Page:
Prosecution Performance Indicators
Prosecution Performance Indicators
In 2014–15 the CDPP met all prosecution performance indicators.
|Prosecutions resulting in a conviction*||90%||98%||2,156 (2,209)|
|Defendants in defended summary hearings resulting in conviction||60%||77%||70 (91)|
|Defendants in defended committals resulting in a committal order||80%||99%||301 (304)|
|Defendants tried on indictment and convicted||60%||70%||76 (108)|
|Prosecution sentence appeals in summary prosecutions upheld||60%||67%||2 (3)|
|Prosecution sentence appeals in a prosecution on indictment upheld**||60%||68%||13 (19)|
|Prosecutions resulting in a conviction*||90%||98%||98%|
|Defendants in defended summary hearings resulting in conviction||60%||68%||77%|
|Defendants in defended committals resulting in a committal order||80%||98%||99%|
|Defendants tried on indictment and convicted||60%||74%||70%|
|Prosecution sentence appeals in summary prosecutions upheld||60%||100%||67%|
|Prosecution sentence appeals in a prosecution on indictment upheld||60%||65%||68%|
* The conviction rate is calculated by taking the number of defendants convicted as a percentage of defendants convicted or acquitted. The calculation does not include defendants where the CDPP discontinued the prosecution in its entirety or where a prosecution has commenced and the defendant failed to appear before a court.
** A prosecution sentence appeal is recorded as not having been upheld if the court finds that the sentence imposed at first instance was too lenient but in the exercise of its discretion declines to allow the appeal. In 2014–15 there were three such cases.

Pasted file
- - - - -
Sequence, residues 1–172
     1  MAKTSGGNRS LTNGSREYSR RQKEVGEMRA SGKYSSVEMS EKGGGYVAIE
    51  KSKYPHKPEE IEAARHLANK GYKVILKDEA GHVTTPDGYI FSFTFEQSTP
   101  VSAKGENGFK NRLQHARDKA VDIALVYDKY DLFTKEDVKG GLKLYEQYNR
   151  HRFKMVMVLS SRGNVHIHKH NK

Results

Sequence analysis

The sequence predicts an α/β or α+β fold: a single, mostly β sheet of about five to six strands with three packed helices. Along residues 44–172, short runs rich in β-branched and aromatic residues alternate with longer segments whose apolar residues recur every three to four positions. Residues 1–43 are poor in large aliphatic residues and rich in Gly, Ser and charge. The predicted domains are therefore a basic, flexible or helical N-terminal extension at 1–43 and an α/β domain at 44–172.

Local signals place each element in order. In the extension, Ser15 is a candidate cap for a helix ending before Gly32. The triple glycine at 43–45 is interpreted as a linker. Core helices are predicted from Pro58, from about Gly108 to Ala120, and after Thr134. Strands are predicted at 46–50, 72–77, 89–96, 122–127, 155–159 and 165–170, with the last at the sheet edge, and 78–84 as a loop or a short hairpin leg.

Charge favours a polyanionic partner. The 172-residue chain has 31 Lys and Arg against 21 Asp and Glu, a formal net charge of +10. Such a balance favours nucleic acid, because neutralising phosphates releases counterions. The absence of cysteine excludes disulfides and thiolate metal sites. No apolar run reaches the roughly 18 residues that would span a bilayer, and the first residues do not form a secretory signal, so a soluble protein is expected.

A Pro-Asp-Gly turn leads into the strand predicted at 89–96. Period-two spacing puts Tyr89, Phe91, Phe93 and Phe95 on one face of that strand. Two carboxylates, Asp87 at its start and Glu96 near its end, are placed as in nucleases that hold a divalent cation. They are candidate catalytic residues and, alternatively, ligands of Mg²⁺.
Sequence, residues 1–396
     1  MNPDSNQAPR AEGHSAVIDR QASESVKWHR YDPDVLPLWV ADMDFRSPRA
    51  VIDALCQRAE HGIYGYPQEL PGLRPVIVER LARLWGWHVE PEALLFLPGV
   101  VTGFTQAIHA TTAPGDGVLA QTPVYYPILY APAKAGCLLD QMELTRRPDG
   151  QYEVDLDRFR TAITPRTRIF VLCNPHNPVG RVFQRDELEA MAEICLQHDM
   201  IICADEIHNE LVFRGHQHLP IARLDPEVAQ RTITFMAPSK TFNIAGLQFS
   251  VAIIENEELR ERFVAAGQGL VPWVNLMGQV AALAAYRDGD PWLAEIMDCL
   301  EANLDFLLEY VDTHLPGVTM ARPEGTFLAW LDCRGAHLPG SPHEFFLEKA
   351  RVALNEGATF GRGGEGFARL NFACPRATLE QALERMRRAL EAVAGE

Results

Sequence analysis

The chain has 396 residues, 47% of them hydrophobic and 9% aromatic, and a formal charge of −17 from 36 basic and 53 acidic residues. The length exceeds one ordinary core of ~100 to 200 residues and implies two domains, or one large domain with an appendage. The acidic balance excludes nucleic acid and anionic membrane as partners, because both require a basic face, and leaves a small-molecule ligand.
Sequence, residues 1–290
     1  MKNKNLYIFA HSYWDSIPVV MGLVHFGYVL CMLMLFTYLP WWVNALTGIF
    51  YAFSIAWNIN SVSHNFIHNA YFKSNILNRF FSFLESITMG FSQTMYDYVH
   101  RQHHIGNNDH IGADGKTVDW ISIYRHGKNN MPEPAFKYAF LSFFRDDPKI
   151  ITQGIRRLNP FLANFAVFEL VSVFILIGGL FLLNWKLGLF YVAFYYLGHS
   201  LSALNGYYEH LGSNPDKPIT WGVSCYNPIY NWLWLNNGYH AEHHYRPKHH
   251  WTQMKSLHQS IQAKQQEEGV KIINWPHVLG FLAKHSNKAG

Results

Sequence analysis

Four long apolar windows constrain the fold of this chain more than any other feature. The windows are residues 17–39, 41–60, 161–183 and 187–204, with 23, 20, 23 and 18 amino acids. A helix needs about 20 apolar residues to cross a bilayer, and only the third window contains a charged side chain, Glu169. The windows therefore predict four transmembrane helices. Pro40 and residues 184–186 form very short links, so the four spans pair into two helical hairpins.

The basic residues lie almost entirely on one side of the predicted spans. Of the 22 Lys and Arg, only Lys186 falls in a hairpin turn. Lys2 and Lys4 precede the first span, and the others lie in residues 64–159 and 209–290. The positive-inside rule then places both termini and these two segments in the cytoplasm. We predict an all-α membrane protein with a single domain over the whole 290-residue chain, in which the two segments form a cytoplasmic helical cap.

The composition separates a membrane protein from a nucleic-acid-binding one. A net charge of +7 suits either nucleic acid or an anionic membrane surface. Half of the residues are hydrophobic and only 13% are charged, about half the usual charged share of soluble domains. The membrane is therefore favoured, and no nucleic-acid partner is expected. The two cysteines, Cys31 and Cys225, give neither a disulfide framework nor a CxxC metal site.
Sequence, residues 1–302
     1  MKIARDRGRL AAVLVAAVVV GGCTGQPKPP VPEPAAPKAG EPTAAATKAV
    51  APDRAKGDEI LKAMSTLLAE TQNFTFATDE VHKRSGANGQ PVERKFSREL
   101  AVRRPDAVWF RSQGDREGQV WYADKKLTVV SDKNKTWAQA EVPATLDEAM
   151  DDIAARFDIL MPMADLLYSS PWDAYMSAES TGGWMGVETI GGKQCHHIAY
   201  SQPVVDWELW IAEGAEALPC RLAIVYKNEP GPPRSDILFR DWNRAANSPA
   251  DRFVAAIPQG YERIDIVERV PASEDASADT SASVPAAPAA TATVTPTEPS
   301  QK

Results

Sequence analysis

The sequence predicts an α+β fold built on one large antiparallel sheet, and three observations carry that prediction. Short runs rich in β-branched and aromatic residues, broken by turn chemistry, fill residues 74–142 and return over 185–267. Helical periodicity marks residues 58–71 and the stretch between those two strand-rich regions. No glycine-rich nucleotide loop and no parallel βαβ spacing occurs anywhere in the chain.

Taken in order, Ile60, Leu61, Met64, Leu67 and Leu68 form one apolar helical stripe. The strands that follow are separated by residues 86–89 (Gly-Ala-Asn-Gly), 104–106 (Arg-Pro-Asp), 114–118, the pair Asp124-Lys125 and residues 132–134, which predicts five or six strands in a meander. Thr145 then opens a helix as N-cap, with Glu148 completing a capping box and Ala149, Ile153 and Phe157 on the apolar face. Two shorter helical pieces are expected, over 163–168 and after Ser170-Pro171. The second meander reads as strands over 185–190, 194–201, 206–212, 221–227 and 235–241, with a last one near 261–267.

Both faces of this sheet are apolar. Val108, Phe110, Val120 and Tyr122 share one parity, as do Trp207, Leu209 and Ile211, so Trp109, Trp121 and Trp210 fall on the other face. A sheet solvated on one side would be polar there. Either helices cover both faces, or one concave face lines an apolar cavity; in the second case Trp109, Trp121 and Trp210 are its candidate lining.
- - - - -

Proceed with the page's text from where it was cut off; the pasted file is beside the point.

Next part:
*** The number of cases on which the percentages were calculated is published in our 2013–14 Annual Report.
Prosecution appeals against sentence
The Prosecution Policy of the Commonwealth provides that the prosecution right to appeal against sentence should be exercised with appropriate restraint. In deciding whether to appeal, we consider whether there is a reasonable prospect that the appeal will be successful. Factors we may consider when deciding to appeal include whether:
- the sentence is manifestly inadequate
- the sentence reveals an inconsistency in sentencing standards
- the sentence proceeded on the basis of a material error of law or fact requiring appellate correction
- the sentence is substantially and unnecessarily inconsistent with other relevant sentences
- an appeal to a Court of Appeal would enable the court to lay down some general principles for the governance and guidance of sentencers
- an appeal will enable the court to establish and maintain adequate standards of punishment for crime
- an appeal will ensure, so far as the subject matter permits, uniformity in sentencing
- an appeal will enable an appellate court to correct an error of legal principle.
In 2014–15 a total of 19 prosecution appeals against sentence in indictable matters were decided. Of those, 13 were upheld while six were dismissed. In one of the dismissed appeals, the appeal court found that the non-parole period imposed by the sentencing judge was manifestly inadequate, however the court elected to exercise its residual discretion not to intervene and dismissed the appeal. In two of the dismissed appeals, the appeal court considered the sentences imposed at first instance, although not manifestly inadequate, were lenient or very lenient. Further information is detailed in the 2014-2015 CDPP Annual Report.